Trina Roache APTN InvestigatesThe statue of Edward Cornwallis is gone. But for many Mi’kmaq and Indigenous people across Canada, the question remains: Is the bounty still on the books or not?In late January, Halifax city council voted to remove the statue. It was taken down immediately afterwards.Cornwallis, celebrated as the founder of Halifax, issued two scalping proclamations after he arrived in Mi’kma’ki in 1749. “Ten guineas for every Indian taken or destroyed.” He rescinded both bounties by the time he left in 1752.But four years later, Governor Charles Lawrence issued another cash bounty on the Mi’kmaq in Nova Scotia.“…a Reward of Thirty Pounds for every male Indian Prisoner above the Age of Sixteen Years brought in alive or a Scalp of such Male Indian Twenty five Pounds and Twenty five Pounds for every Indian Woman or Child brought in alive…”This proclamation was never rescinded.“It’s still there and what’s the big problem with revoking it?” asked Dan Paul, a Mi’kmaw Elder and author of “We Were Not the Savages.”“I kind of think it’s got more to do with legalese than anything else, since the moral thing would be to revoke it and make a big splash in the media about doing so,” said Paul, “Rather than letting it sit there and smolder.”Back in 1999, Mi’kmaw chiefs in Nova Scotia asked the province to repeal the bounty. By March of 2000, Michael Baker, the provincial minister responsible for Aboriginal Affairs at the time, put forward a resolution in the house, calling the bounties “repugnant and offensive.”“Therefore be it resolved that the members of this Assembly invite the Government of Canada to confirm that the 1756 Proclamation is no longer of any force or effect; and Be it further resolved that we invite the Government of Canada to join our province as we express our sincere regret over past hostilities.”The federal government responded by the following summer. Robert Nault was minister of Indian and Northern Affairs at the time. He sent letters to the province and Mi’kmaw chiefs assuring them that the bounty “is no longer of any force or effect.”Nault wrote that the Peace and Friendship Treaties of 1760-61 “…commanded British officers and settlers to ‘forbear all acts of Hostility’ against these tribes of Indians…” rendering the “…1756 Proclamation inoperative.”But there was little coverage of this at the time. Aside from APTN, the National Post ran a brief story with the headline, “Nova Scotia: Bounty officially ends.” And DanPaul wrote a column for the local newspaper, the Halifax Chronicle Herald, calling the federal response “All doubletalk, no action.”And so the question of whether the bounty is still on the books has persisted.“I can tell you one thing; it’s not forgotten,” said Paul. “And the Mi’kmaq don’t intend to forget it.”Whether the bounties were rescinded or made moot by subsequent treaties, the larger issue for many Mi’kmaq is the commemoration of a man who issued them.The statue of Edward Cornwallis was erected in 1931, part of a tourism drive by CN Rail.Newspapers at the time wrote about “British sovereignty” and how the people of Halifax “have been faithful to the traditions of the British race.”For decades, the bronze statue stood proudly on its granite pedestal overlooking a park also bearing Cornwallis’ name.But after Paul added the Mi’kmaw narrative of history to bookshelves in 1993, the monument became a flashpoint for division and a symbol of genocide to the Mi’kmaq.“I want people to know that he committed genocide against our people. He ordered, he wanted us wiped out,” said Mi’kmaw activist Rebecca Moore. “What kind of a man is that and why do we have a statue of him in the park?”A common argument when Mi’kmaq challenge the colonial historical account of Cornwallis is that the bounties were acceptable in a time of war.“It’s bullshit, okay?” said Paul. “And it’s a white supremacist argument in my opinion.”There were hostilities between the British, and the Mi’kmaq and French, who were allied.Cornwallis wrote to the British Lords of Trade about “the Mic-Macks” behaving “…of late in a most treacherous manner.”When Cornwallis built a sawmill across the harbour to mill wood to build the garrison city of Halifax, the Mi’kmaq attacked and killed five or six men.He asked permission from Whitehall in London “to take or destroy the savages commonly called Mic-Macks wherever they are found…to root them out entirely.”Jon Tattrie is a journalist and author of “Cornwallis: The Violent Birth of Halifax.”“He’s sailing into three different worlds at once,” said Tattrie. “To the French it is New France. To Mi’kmaw people, it’s still Mi’kma’ki. It’s still held physically by them, it’s still seen conceptually by them as their homeland.”“To Cornwallis, it’s Nova Scotia. His mission is to found a fortress city which becomes Halifax to thwart the French ambitions here, to protect the British interests.”To the Mi’kmaq, cutting down trees and building the saw mill, said Tattrie, “It was another occupation of their territory at an important river and seen as a deep act of aggression.”“The British were invading and stealing Mi’kmaq territory,” said Paul. “The Mi’kmaq were people who had occupied this area of North America for over 10,000 years. They had a culture they were defending.”Paul has often questioned why a bounty in warfare would extend to women and children, if the intent was not extermination.And there was no bounty issued for French soldiers.In the handwritten council minutes for Halifax, unfolds one story of the scalps being collected in 1753. Cornwallis was gone from Halifax. Governor Hobson had taken his place. And the bounties had been rescinded, though not everyone would have known that.The account tells of two men who “arrived yesterday in this Harbour in an Indian Canoe and brought with them six Indian scalps.”John Connor and James Grace tell of how they were attacked by Mi’kmaq, taken hostage and escaped. In doing so, they “first killed the woman and the boy” and four Mi’kmaw men.Tattrie points to other records of Cornwallis dealing with bounty hunters like John Gorham and his rangers, a group of mercenaries that came up from New England to Nova Scotia in the mid-1700s.Rebecca Moore, who traces her ancestry back seven generations to Mi’kmaw Chief Jean Baptiste Cope, who signed the Peace and Friendship Treaty in 1752.“I’m really proud to still be here,” said. “Because if [Cornwallis] had his way, I wouldn’t even be here.”In late January, she stood for hours in the cold to watch crews work to remove the statue of Cornwallis.A celebratory moment for the Mi’kmaq.“It’s a new day, it’s a new time,” said Moore. “And it’s the true spirit of peace and email@example.com
One of the reasons Stephen Curry’s 2015-16 season has been so magical is that it has been about more than just dominance — that’s more LeBron James’s turf — it has been about doing things in basketball that we didn’t really know were possible.Last week we published “Stephen Curry Is The Revolution,” in which I discussed how Curry’s unique skill set — particularly his seeming immunity to defensive pressure — suggests that this historically great Warriors team could be even better if it let Curry take even more shots, with the upper limit for just how many he should take still completely unknown.But the idea that “you can never have too much Curry” was pretty much true even before this season. The 2015-16 Curry is on another level. Not only has he gotten better at the things he was already good at, he has also started dominating at things that add new dimensions to the analysis. For example, as my colleague Kirk Goldsberry has written, Curry is now one of the most efficient shooters close to the basket, after struggling from that range early in his career.But the most dramatic change in Curry’s game is his suddenly impossible-seeming range. If you’ve spent more than 30 seconds watching “SportsCenter” in the past few weeks, you’ve probably heard about Curry’s newfound affinity for ridiculous bombs — like that time he scored three baskets from 29-plus feet in 90 seconds.And it’s true, Curry’s long-range shooting has been off the charts. Here’s how he has done from various ranges in the past two seasons1For this analysis, I used the shot-tracking data from NBA.com, current through Dec. 7 (though it may miss a game or two here and there for technical reasons). I then added in Curry’s shots through the Warriors’ game on Dec. 8, and his shots that had been missing because their Nov. 12 game against the Timberwolves wasn’t in the data.: So Curry is taking a lot of last-ditch threes from long distance and has been hitting them at the second-best rate of any player in the past three seasons, despite taking about five times as many shots as the player with the best rate, Damian Lillard, did in 2013-14 (the dot in the upper left).Shooting 38.5 percent in these circumstances is, of course, ridiculous — the league average is just 12 percent, and Larry Bird’s career 3-point average (from regular distances and under regular conditions) was 37.6 percent — not to mention it supports the idea that, for Curry, no number of shots is too great, regardless of how they come.Perhaps more importantly, Curry is taking a lot of these shots “voluntarily” — that is, even when there’s enough time left on the clock to try to set up a normal shot, he’s still tossing the bomb: Last season Korver beat Curry at virtually every distance — yet his distance drop-off was normal (perhaps even a little steeper than the league as a whole), as was Curry’s.This season, of course, Curry has blown past Korver in efficiency as well as volume. Curry’s 13 makes from 28-42 feet (“bomb range”) this season are more than he and Korver had combined last season (12).So what’s going on? On the face of it, these don’t look like big numbers. Most of the hullabaloo is over 13 made shots in 31 attempts, which is not outside the range of luck. But it would take a lot of luck: Curry made shots from bomb range about 17.3 percent of the time in the previous two seasons. If that were his true rate, he would make 13 of his first 31 shots about once every 500 years. One-in-500 events aren’t impossible in sports, but with all the ways that Curry has defied basketball norms already, it behooves us to look for nonrandom explanations. For example, an interesting segment of ESPN’s Sport Science recently broke down Curry’s unusual shot mechanics on these bombs:Normally I’d take those kinds of stats as just fun trivia, but the observation that most NBA players generate velocity for their long shots by changing how they jump, while Curry does it entirely with his wrist, is exactly the kind of thing that could explain how Curry is doing things that previously seemed impossible.Another thing we’d like to do is compare how big Curry’s phenomenon is relative to other hot long-range-shooting seasons. But to do this we have to break things down a little bit further. Not all bombs are created equal. Most NBA players are smart enough NOT to take these kinds of shots unless they’re necessary. About 68 percent of shots from 28 to 42 feet come with the shot clock turned off or with time about to expire (less than four seconds remaining). We’ll call shots taken under those conditions “involuntary.” Here are all the player-seasons for such shots over the past three seasons: His shooting improved basically across the board. For the most part, he is still shooting worse when he’s farther away. You can beat other humans, but you can’t beat science. (I think.) But relative to the league, as well as to his own recent history, his distance curve this season is incredibly flat: He’s shooting 43 percent on shots taken 26 to 28 feet from the basket and 42 percent on shots from 28 to 42 feet. (The 42 feet corresponds roughly to half-court, though most of his shots are much closer to the bottom of that range.)Not only is this not normal for Curry, it’s nowhere close to the norm for anyone, even other great 3-point shooters. For example, Kyle Korver is one of few players who, on a shot-by-shot basis, could brag about being more efficient than Curry last season — albeit with a significantly smaller shooting burden. Here’s how he stacks up to Curry, then and now: The NBA as a whole has seen about one voluntary shot from 28-plus feet every two games over the last three seasons. This relative scarcity has been wise. Even though these are “voluntary” shots — where players presumably thought they had good looks — they’ve been made at a rate of only 25.4 percent (corresponding to 76 points per 100 attempts, well below the efficiency of the worst offenses in history). The undisputed king of the long shot over the last few years — indeed, the only other player to take a substantial number of such shots over full seasons — is Lillard, who has taken 98 voluntary bomb range shots in the past three seasons and has made 32.7 percent of them (corresponding to a respectable 98 points per 100 shots). Curry, on the other hand, had not shown any inclination for these shots and hit them at an average rate — before this season. Now he is averaging just less than one such attempt per game and has hit 47.1 percent — corresponding to 141 points per 100 attempts — far beyond what any offense has ever managed in overall efficiency. In other words, Curry’s typical voluntary shot from more than 28 feet is worth more than most players’ layups.Moreover, note that Curry’s break from his own precedent is also stunning: He is attempting these shots at three times the rate that he used to, yet he’s making them twice as often!This is a thrilling development, but its lack of precedent makes its consequences unknown. If Curry is now a legitimate threat from 30 feet, it will do more than just give defenses fits, it will disrupt the balance of the game in unanticipated ways. And my half-joking argument that he should be taking “all the shots” would drop to more like a quarter joking.But as much as I admire Curry’s skills, this simply MUST be too good to be true. Consider the fact that the game has never seen it, and that Curry himself hasn’t shown anything like it before, and it seems like a prototypical case of a thrilling phenomenon destined to come back down to earth.Then again, the more absurd things we see from Curry, the more they corroborate each other. All is possible. Either this narrative or the game itself will unravel.Check out our 2015-16 NBA Predictions.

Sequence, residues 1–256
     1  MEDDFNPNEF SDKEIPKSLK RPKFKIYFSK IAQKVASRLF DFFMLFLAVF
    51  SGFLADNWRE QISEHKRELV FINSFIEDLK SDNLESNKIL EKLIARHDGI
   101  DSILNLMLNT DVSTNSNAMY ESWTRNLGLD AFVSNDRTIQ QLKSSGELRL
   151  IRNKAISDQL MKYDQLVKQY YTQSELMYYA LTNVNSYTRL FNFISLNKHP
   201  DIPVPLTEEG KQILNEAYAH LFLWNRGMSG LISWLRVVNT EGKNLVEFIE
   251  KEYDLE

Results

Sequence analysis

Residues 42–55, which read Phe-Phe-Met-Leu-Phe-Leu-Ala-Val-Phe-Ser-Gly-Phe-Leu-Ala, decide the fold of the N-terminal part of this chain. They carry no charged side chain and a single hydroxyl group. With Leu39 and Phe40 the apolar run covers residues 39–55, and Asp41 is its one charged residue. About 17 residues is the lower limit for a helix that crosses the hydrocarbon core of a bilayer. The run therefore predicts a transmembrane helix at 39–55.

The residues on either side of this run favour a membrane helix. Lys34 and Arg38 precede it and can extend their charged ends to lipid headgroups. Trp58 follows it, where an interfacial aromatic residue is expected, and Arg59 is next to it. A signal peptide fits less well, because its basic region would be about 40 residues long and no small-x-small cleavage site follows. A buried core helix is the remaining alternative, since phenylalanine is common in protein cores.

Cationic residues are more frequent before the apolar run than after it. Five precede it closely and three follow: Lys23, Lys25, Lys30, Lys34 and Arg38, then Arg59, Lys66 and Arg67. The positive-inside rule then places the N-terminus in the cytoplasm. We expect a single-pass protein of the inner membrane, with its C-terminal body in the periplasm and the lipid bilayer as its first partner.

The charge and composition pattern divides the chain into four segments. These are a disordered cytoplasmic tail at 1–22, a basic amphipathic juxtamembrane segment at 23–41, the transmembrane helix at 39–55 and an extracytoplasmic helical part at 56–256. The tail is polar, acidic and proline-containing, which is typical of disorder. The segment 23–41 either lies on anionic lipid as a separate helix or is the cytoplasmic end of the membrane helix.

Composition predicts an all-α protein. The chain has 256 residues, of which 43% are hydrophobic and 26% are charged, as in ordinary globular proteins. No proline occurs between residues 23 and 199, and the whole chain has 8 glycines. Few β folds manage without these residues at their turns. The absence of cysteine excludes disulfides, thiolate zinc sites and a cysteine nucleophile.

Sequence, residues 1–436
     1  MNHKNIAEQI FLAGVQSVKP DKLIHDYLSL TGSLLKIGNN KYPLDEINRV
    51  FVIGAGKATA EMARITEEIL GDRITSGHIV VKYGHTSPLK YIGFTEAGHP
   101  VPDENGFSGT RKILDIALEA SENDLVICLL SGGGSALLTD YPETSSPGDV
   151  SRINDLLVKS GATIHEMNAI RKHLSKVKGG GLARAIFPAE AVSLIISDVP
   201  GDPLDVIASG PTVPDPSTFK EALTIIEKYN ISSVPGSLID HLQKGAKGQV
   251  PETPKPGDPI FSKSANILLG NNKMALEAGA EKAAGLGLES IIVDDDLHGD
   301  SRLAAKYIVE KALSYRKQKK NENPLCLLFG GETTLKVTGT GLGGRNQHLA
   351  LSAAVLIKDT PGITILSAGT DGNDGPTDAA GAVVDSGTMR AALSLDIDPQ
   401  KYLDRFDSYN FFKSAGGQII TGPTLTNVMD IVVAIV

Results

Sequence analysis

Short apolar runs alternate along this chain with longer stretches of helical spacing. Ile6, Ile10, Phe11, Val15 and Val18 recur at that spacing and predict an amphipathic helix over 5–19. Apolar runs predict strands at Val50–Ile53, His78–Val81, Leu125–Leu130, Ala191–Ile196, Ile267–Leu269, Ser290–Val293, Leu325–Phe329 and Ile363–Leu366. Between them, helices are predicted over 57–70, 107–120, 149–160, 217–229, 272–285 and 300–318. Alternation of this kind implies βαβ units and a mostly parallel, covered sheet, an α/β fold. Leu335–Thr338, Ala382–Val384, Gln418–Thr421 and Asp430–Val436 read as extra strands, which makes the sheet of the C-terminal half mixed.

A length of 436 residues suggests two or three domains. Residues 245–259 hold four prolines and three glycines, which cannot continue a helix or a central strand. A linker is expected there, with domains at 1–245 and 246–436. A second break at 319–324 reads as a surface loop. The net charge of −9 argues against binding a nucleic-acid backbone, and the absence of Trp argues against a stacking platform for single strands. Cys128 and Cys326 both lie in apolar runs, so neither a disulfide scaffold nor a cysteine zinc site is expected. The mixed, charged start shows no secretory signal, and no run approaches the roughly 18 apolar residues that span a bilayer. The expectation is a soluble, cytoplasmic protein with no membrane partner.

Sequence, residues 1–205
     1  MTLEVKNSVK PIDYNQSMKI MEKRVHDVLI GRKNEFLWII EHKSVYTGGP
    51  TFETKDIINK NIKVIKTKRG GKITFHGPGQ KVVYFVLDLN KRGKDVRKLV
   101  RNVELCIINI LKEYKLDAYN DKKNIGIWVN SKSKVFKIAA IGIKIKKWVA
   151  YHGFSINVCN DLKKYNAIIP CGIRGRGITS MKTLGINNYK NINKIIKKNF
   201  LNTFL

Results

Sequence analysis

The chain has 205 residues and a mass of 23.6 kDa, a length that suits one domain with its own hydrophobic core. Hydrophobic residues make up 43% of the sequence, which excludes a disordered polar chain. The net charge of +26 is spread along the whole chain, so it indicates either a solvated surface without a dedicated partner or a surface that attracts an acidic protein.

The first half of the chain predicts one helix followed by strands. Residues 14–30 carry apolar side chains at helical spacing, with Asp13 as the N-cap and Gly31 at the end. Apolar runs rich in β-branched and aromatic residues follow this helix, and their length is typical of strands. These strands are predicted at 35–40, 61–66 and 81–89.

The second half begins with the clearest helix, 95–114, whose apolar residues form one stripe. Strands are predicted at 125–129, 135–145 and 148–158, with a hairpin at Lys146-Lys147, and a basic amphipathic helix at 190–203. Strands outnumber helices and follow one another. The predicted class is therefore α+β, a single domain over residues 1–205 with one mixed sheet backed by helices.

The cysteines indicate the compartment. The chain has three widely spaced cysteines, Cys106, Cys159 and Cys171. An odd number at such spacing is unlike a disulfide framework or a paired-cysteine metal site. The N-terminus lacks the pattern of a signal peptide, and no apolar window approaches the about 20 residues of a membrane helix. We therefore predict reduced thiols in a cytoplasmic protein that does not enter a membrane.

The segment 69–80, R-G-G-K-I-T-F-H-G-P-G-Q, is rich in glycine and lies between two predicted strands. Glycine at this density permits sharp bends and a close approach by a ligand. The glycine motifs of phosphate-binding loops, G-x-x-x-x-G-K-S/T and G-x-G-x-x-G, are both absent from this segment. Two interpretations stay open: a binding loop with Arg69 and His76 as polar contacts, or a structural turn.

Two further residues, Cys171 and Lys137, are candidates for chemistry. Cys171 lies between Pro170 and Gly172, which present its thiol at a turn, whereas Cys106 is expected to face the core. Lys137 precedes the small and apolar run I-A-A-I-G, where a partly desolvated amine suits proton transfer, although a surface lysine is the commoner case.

(PhysOrg.com) — Researchers at Daresbury science park in Britain have offered a glimpse into what might be the future of nuclear energy production by showcasing a scaled down particle accelerator; one, that when combined with others just like it, could produce nuclear energy based on thorium, rather than uranium. Dubbed the Electron Machine with Many Applications (EMMA), the accelerator, a much smaller version of the kind used in physics research, such as the Large Hadron Collider, could be used to provide an accelerated beam necessary for the type of nuclear reaction used in a theoretical thorium plant. The EMMA ring in relation to the main ERLP (ALICE) accelerator. Thorium, named for the Norse god of thunder, is a silver-white metal found in abundance all over the planet, and is only very slightly radioactive and as such is a member of the elements known as actinides which, like uranium, occasionally spin off particles which make it useful for energy production. But unlike uranium, thorium is relatively clean because it decays much faster leaving far less reactive byproducts behind; and because it requires a constant bombardment of particles to keep it reacting, is incapable of producing a meltdown; something on the minds of people in the aftermath the Fukushima disaster.That’s where EMMA enters the picture. To produce the constant stream of particles needed to keep a thorium reaction going, an accelerator is needed, but it wouldn’t have to be the huge billion dollar kind, more like the kind you could fit in your garage, or in this case in a lab on the boggy Cheshire flatland, just east of Liverpool, where reporters from the U.K. newspaper Mail, were recently given a tour. They report that EMMA is “an object of scientific beauty…” Scientists have known since the 1950’s that thorium could be used to produce electricity, just as uranium is today; what kept them from doing so was the desire to use technology that could be used in conjunction with atomic weapons, which pushed thorium research aside due to its impracticality for such applications. Today however, things have obviously changed, several countries besides Britain are taking a very hard look at thorium and the ways it could be put to good use and at small particle accelerators too; the team in Britain is also currently at work designing the Particle Accelerator for Medical Applications (Pamela) to be used to help treat hard to reach cancer in patients. © 2010 PhysOrg.com A future energy giant? India’s thorium-based nuclear plans Explore further Citation: New pint sized particle accelerator leads the way to clean nuclear energy (2011, June 20) retrieved 18 August 2019 from https://phys.org/news/2011-06-pint-sized-particle-nuclear-energy.html This document is subject to copyright. Apart from any fair dealing for the purpose of private study or research, no part may be reproduced without the written permission. The content is provided for information purposes only.